Costa Rica Charms ‘The Monster’

March 10, 2006

Every February, in beautiful Viña del Mar, a city on the Pacific coast of Chile, about an hour and a half from Santiago, thousands of people come together to attend the Festival de Viña del Mar. Telecast to countries around the world, Viña del Mar is, in the minds of many, Latin America’s premier music festival.

The event showcases all different styles of music, and many singers and musicians of note make appearances.

An important aspect of the gala is a competition among different cultures and their music. International acts perform each program until a winner is determined on the last night. The festival runs for six nights in a row, starting at 10 p.m. and often running until 2 or 3 in the morning, depending, that is, on how “The Monster” wants it.

The Monster is what makes the Viña del Mar festival unique. In such events, we are used to waiting anxiously for the solemn opening of the envelope containing the final verdict of the judges, followed by the fervent pronouncement by the reigning celebrity:

“And the winner is…”

Not so in Viña del Mar. Although all acts are rated by a panel of celebrity judges, it is the reaction of “El Monstruo” (The Monster) – or so the audience has been dubbed for its capacity to devour its victims – that has the major impact on the awarding of the final prize: $30,000 and the prestigious Gaviota de Plata. The name of this trophy has been erroneously translated into English as “The Silver Dove.” A gaviota is, in fact, a seagull.

The trophy looks like a seagull and is an obvious choice for the symbol of a sea town. Thus, it is for “The Silver Seagull” that these international performers seek so avidly the love of The Monster.

Though never downright violent, The Monster can be vicious, casting hoots and whistles, when it is not enchanted by a performance.

On the other hand, when it loves what it is hearing, it may delay the entire program with enthusiastic shouts for encores. All in all, whether disgruntled or delighted, The Monster administers a grueling test of nerves to the performers under fire.

On Feb. 27, the last day of the festival, 37-year-old Costa Rican Humberto Vargas won the Gaviota de Plata for best song with his composition “Dilo de una vez.” The festival has been in existence since 1960, and this is the first time a Costa Rican has taken home the coveted trophy.

For those of you who still don’t read Spanish well, I am providing a translation of the lyrics (see sidebar). If you want to listen to the song or learn more about Humberto Vargas, go to www.humbertovargas.com.

To Vargas, let’s send out a hearty “Congratulations!” Ya done Costa Rica proud, kid.

“Dilo de una vez” – “Go Ahead and Say It”

This is as direct a translation of Humberto Vargas’ song lyrics as language differences allow. I have conserved the capitalization and punctuation that appear in Spanish on Vargas’ Web site (www.humbertovargas.com), while using an English format in the translation. Vargas’ composition sets up a scenario: A man and a woman are seated at a table. She has a cup of coffee in front of her and is looking down at the tablecloth’s pattern, consisting of rows of small mountain cottages, thus refusing to meet his gaze. He senses that something is wrong and asks her to just “go ahead and say it.”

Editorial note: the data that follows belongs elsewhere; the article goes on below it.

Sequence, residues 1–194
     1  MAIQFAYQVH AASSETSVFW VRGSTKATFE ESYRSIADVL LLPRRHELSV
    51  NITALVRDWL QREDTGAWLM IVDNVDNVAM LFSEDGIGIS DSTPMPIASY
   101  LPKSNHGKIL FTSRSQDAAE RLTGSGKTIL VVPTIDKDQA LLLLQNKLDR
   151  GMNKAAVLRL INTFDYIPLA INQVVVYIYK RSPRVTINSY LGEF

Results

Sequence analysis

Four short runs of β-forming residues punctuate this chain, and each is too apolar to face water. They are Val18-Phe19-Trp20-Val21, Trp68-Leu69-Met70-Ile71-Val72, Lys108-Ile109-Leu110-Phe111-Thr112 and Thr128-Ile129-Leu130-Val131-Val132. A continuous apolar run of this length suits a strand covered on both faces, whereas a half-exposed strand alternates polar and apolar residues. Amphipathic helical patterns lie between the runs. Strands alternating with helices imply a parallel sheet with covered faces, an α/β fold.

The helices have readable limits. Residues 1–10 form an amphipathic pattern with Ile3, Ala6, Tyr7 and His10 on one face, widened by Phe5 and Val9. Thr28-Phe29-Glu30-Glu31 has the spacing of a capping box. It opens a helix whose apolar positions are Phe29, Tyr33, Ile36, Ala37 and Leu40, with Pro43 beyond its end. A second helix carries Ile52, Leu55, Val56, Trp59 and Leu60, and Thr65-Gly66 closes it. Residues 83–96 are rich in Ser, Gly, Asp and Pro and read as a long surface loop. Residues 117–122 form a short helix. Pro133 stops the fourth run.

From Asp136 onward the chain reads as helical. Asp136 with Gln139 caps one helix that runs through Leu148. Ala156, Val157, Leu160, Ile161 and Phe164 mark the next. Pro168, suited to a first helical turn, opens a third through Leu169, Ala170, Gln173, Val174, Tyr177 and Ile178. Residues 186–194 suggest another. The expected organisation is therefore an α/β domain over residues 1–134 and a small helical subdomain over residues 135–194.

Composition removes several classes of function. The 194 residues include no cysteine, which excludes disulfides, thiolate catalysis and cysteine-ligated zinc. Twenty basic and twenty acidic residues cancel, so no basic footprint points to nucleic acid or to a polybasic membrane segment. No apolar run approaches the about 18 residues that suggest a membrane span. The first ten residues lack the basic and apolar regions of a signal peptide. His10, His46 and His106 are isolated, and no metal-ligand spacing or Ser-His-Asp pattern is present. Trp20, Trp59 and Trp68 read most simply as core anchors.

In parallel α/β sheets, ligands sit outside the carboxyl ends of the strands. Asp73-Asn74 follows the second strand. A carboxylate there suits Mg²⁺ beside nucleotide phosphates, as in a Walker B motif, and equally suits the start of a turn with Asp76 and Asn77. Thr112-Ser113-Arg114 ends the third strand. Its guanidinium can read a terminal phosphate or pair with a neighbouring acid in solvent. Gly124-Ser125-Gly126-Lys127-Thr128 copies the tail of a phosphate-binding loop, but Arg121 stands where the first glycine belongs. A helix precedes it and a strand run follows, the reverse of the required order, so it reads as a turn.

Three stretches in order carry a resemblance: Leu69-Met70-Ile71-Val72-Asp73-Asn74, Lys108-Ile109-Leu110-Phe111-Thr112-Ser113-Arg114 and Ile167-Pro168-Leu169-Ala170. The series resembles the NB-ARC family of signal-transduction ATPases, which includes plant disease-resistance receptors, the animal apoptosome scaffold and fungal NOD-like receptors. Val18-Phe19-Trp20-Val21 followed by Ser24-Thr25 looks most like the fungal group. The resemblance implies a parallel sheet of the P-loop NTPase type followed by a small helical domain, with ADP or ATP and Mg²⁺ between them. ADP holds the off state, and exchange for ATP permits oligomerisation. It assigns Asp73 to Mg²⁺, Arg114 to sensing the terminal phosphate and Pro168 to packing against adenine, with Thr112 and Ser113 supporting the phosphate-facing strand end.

Dilo de una vez, Go ahead and say it.

¿qué hay entre tu mente y este humo de café?

¿qué es lo que te está costando tanto traducir?

tal vez no exista manera de decirlo sin herir.

Dilo de una vez,

dilo en linea recta, no te enredes por mentir y alza tu mirada ¿qué le ves tanto a un mantel?

solo son casitas de montaña repetidas cada dos.

Sin herir, sin herir

“me halaga tanta consideración

“Sin herir, sin herir …”,

de todas formas te agradezco la intención

Dilo de una vez,

no le pongas freno burocrático a este guión,

que ya sé mis líneas,

empecemos la función, siempre hay un héroe, una princesa y un dragón

Dilo de una vez,

que tanto vértigo hace malo al corazón

y alza tu mirada ¿qué le ves tanto a un mantel?

solo son casitas de montaña repetidas cada dos.

“Sin herir, sin herir …”

Dilo de una vez, no me conviertas en manilla de reloj, en almanaque que ya llegó enero y no se usó

no me consueles con pagar la cuenta a medias

Por favor.

Dilo de una vez,

que tanto vértigo hace malo al corazón

y alza tu mirada ¿qué le vez tanto a un mantel?

solo son casitas de montaña repetidas cada dos.

“Sin herir, sin herir …”

¡Dilo de una vez!

 

What lies between your mind and the coffee vapor?

What is it that is so hard for you to translate?

Perhaps there is no way to say it without wounding.

Say it straight out; don’t get mixed up in lies,

Go ahead and say it.

And look up. Why do you gaze so intently at a tablecloth?

They are only mountain cottages, every other one repeated.

“Without wounding, without wounding…

So much consideration flatters me.

“Without wounding, without wounding…”

. Anyway, I appreciate your intention.

Go ahead and say it,

Don’t put a bureaucratic stop to this script,

For I already know my lines.

Let’s start the show.

There are always a hero, a princess and a dragon.

Go ahead and say it,

For so much giddiness is a heartache,

And look up. Why do you gaze so intently at a tablecloth?

They are only mountain cottages, every other one repeated.

“Without wounding, without wounding…”

Go ahead and say it.

Don’t convert me into the hand of a clock,

In an unused calendar when January has already come.

Don’t console me by paying the bill by half,

Please.

Go ahead and say it,

For so much giddiness is a heartache,

And look up. Why do you gaze so intently at a tablecloth?

They are only mountain cottages, every other one repeated.

“Without wounding, without wounding…”

Go ahead and say it!

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